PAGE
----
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What's ruining medicine for physicians: Paperwork and administrative burdens

Medical Economics JournalDecember 25, 2018 edition
Volume 95
Issue 24

Paperwork and administrative burdens ranks 1st on the list of issues ruining medicine for physicians.

At the end of every year, Medical Economics publishes a list of the top challenges facing physicians. This list is generated by surveying our physician readers.

For this year’s list, we decided to recast the question. Instead of asking what challenges physicians face, our editorial staff wanted to hone in on what issues annoy and frustrate doctors and get in the way of what’s truly important: Treating patients and running practices.

And so we asked physicians in a poll: “What ruining medicine for physicians?”

In our list of the nine issues ruining medicine for physicians, the goal is not to dwell on the negative aspects of working as a physician. Instead, we wanted to show our readers that they share common challenges when dealing with the vexing issues facing primary care in today’s complex healthcare environment. Each piece also offers practical solutions that physicians can start using in their practices today.

#1 Paperwork and administrative burdens

It’s no surprise that physicians chose paperwork and administrative burdens as the top issue ruining medicine. Earlier this year, in the 2018 Medical Economics Physician Report, 79 percent of doctors said it was the top challenge they experience in practice.

Much of this burden is a result of changes in the last several years, notably the advent of value-based care. 

Kevin Riddleberger, MBA, cofounder and chief strategy officer at DispatchHealth, which delivers mobile urgent care to homes, says paperwork or administrative duties is not the best use of clinicians’ time and resources, and directly impacts patient care and increases physician burnout. 

Kyle Varner, MD, an internist at the Tripler Army Medical Center in Hawaii and author of White Coat Cartels, laments that he spends more time in front of a computer documenting his time with patients than he actually spends with patients. 

“This is not because I am trying to create a good record of the care-it is because I have to play semantic games so that the hospital gets paid,” he says. 

Then when records come in from another hospital, often he must sift through hundreds of pages of data to find the important information he needs, saying it is hidden in a pile bureaucratically mandated auto-populated junk that no one wants to read.

Another challenge is dealing with insurance companies that try to convince him to prescribe certain drugs over others, citing a longer authorization process and lots of paperwork for his preferred choice in many cases.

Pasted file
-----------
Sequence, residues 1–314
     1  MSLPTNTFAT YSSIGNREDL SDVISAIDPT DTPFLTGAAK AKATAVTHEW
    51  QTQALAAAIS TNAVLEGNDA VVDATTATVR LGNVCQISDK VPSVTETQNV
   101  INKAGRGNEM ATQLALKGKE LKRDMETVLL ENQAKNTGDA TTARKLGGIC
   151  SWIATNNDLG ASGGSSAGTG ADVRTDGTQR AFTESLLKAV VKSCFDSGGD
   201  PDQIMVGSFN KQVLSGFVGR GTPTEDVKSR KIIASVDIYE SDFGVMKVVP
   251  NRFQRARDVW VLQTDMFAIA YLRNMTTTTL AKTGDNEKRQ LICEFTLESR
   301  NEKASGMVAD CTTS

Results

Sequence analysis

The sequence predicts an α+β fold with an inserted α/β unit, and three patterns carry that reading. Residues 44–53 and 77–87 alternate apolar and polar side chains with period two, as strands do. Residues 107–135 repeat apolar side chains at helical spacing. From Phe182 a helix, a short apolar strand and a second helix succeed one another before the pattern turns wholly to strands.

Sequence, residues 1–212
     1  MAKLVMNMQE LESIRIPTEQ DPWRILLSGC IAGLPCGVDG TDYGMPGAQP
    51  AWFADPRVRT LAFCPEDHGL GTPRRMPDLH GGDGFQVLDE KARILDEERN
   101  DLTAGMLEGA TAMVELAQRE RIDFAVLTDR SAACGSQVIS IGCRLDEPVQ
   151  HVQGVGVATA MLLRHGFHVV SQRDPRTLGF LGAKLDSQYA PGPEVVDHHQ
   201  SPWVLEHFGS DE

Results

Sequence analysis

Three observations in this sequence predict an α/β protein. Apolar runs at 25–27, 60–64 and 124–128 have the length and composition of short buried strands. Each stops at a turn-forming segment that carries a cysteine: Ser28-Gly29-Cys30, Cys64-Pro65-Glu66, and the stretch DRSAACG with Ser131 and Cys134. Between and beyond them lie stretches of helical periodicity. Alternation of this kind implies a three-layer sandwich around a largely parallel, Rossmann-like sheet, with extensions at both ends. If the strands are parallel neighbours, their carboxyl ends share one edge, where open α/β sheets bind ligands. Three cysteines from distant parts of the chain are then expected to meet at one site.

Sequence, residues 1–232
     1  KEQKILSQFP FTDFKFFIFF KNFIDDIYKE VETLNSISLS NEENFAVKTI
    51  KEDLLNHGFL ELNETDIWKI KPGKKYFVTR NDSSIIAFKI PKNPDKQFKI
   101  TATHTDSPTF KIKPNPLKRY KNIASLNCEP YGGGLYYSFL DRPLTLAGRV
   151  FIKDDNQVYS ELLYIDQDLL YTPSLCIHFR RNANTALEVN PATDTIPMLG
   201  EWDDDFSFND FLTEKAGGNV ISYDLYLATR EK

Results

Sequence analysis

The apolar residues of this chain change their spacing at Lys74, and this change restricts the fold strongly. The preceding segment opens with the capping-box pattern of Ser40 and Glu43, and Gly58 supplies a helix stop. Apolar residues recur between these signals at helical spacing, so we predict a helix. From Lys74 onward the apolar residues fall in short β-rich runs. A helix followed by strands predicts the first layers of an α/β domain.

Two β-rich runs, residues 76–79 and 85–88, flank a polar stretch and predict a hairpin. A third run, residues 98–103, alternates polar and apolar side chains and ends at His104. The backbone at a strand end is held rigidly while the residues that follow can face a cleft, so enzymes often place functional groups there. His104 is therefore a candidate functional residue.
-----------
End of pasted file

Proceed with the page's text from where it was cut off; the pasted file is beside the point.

“So, instead, I often adhere to their guidelines, which may not have the patient’s best interests at heart,” Varner says.

He cites the example of trying to get a Medicaid patient on sacubitril/valsartan (Entresto), a drug used to treat heart failure.

“I can expect to spend at least 45 minutes filing paperwork and I can expect to get multiple phone calls when I do this,” he says. Because of the extra time needed, he feels Entresto isn’t prescribed as much as it should be, blaming the indirect incentives created by third-party payers.

C. Nicole Swiner, MD, with Durham Family Medicine in Durham, N.C., says physicians are often in a tug-of-war between what is right for their patients’ care, what the patient’s  insurance will cover and what the pharmaceutical companies will allow them to prescribe.

“Specialists are also still valued more than primary care providers, yet PCPs are underpaid and overwhelmed with work,” she says. “I or my staff members spend the majority of our weeks on the phone and doing paperwork (often denied and resent having to do again) on our patients’ behalf for better care.”

Even students and residents can’t escape busy work. Internal medicine residents spend just 12 percent of their time with patients and 40 percent on computer-related tasks or administrative tasks, according to a study out of The Johns Hopkins University School of Medicine.

Ways to overcome the challenge

There’s no magic solution for eliminating paperwork or administrative burdens. But there are some ways physicians can ease the burden on themselves and their patients.

Have patients pay cash for medications: Varner frequently suggests that patients whose insurance company requires prior authorization take this route because it will simplify the process. “This is usually substantially cheaper than they think,” he says. For example, when one of his patients was told by Medicaid that he couldn’t have Linezolid without a pre-approval process, Verner got the patient a coupon so he could get the medication for just $50.

Rely on technology: Riddleberger says the future of healthcare operations and clinical delivery will improve thanks to enhancements to technology that will decrease paperwork and administrative burdens. Some of what’s expected to help are increased machine learning, natural language processing and artificial intelligence in day-to-day care delivery.

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© National Institute for Occupational Safety and Health
© National Institute for Occupational Safety and Health
© National Institute for Occupational Safety and Health